Wednesday, December 24, 2008
Sweeping The Nation Albums Of 2008: Number 7
Okkervil River's The Stage Names, our number one album of 2007, highlighted Will Sheff's ability to isolate, pick over the putrid flesh and bones of and ultimately humanise the mixed feelings, mixed messages and downright poetry in "the differences and contradictions between private lives and public faces and facades, people in the margins or in denial as to their actual current worth". The Stand-Ins is the follow-on to The Stage Names in concept, execution and even literalness - Starry Stairs is about the same person, Shannon Wilsey, as Savannah Smiles but from her own defensive but regretful perspective, while humanising closer about a doomed creative John Allyn Smith Sails is superceded by humanising closer about a doomed creative Bruce Wayne Campbell Interviewed On The Roof Of The Chelsea Hotel, 1979 (Campbell being the real name of Jobriath, failed hype glam rocker who lived in the titular hotel's roof apartment). Even the cover art forms a complete picture if lined up beneath that of the parent record's sleeve. The impression is not of a load of impressionistic toss-offs, though, but of a full and focused piece of work, even the three sub-minute instrumental connecting pieces, musically largely a slight regression to the country-rock of Down The River Of Golden Dreams, and further excavations of Sheff's themes to conclusion. And it's got a song about Blue Tulip Rose Read on.
This time, though, it's at least partly self-examination in which the patient is found wanting. Lost Coastlines borrows A Hand To Take Hold Of The Scene's Motownish beat but finds that hand didn't exist outside Sheff's mind. Jonathan Meiburg, keyboard player also of Shearwater (qv), lends his rich pipes as a counterpoint to Sheff's less cultured wail as he bemoans the fact that against his will he's on... what? Case study would suggest the pop life, possibly their own, losing one's way but keeping going, as the last proper words put it "every night finds us rocking and rolling on waves wild and wide/Well we have lost our way, nobody's gonna say it outright". Meiburg's contributions seem to act as the voice inside Sheff's head telling him to keep going; the fact Meiburg has since left to concentrate on his other project puts all sorts of new angles on that. But at the same time Sheff proves capable of aiming barbs at those who overreach towards the skies. Singer Songwriter takes a shot at a pampered, preening cultural mayfly, while on Pop Lie Sheff suggests we're implicit for projecting wiseness onto "the liar who lied in his pop song". Again, can we seperate art from artist? Similarly, On Tour With Zykos catches up with a character from The Stage Names, this time the groupie-shagging desperate frontman who starts by being thrown out in the morning and ends with the girl, who Sheff is singing from the perspective of, admitting "god knows I just want to make this white lie big enough to climb inside With you" and consequently wondering "who you got your hooks in tonight, was she happy to be hooked and on your arm?", knowing that that's life. Bruce Wayne Campbell etc. leaves us initially bleakly, resigned to being left behind by times and trends, before being taken away by the "morning starship" of one of his songs "til he forgets the ground". It's tempting to state Sheff and his characters (but of course they're all characters, aren't they?) are resigned to their fates - ageing, loveless, deception - but that would suggest he sees no hope for them.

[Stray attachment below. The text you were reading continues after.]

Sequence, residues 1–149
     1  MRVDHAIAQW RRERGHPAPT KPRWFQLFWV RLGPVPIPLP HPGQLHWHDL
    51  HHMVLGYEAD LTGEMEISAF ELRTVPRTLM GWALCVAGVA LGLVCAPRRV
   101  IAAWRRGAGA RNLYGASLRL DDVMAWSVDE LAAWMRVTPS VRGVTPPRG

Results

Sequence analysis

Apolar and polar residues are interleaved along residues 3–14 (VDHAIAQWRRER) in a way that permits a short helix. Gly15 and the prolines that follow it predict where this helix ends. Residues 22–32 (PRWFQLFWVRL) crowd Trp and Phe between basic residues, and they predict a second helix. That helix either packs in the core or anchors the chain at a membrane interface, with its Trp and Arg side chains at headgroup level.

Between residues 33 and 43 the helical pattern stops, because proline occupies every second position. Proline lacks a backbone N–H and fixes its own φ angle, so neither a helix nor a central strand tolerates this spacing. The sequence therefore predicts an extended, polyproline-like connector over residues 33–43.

The full list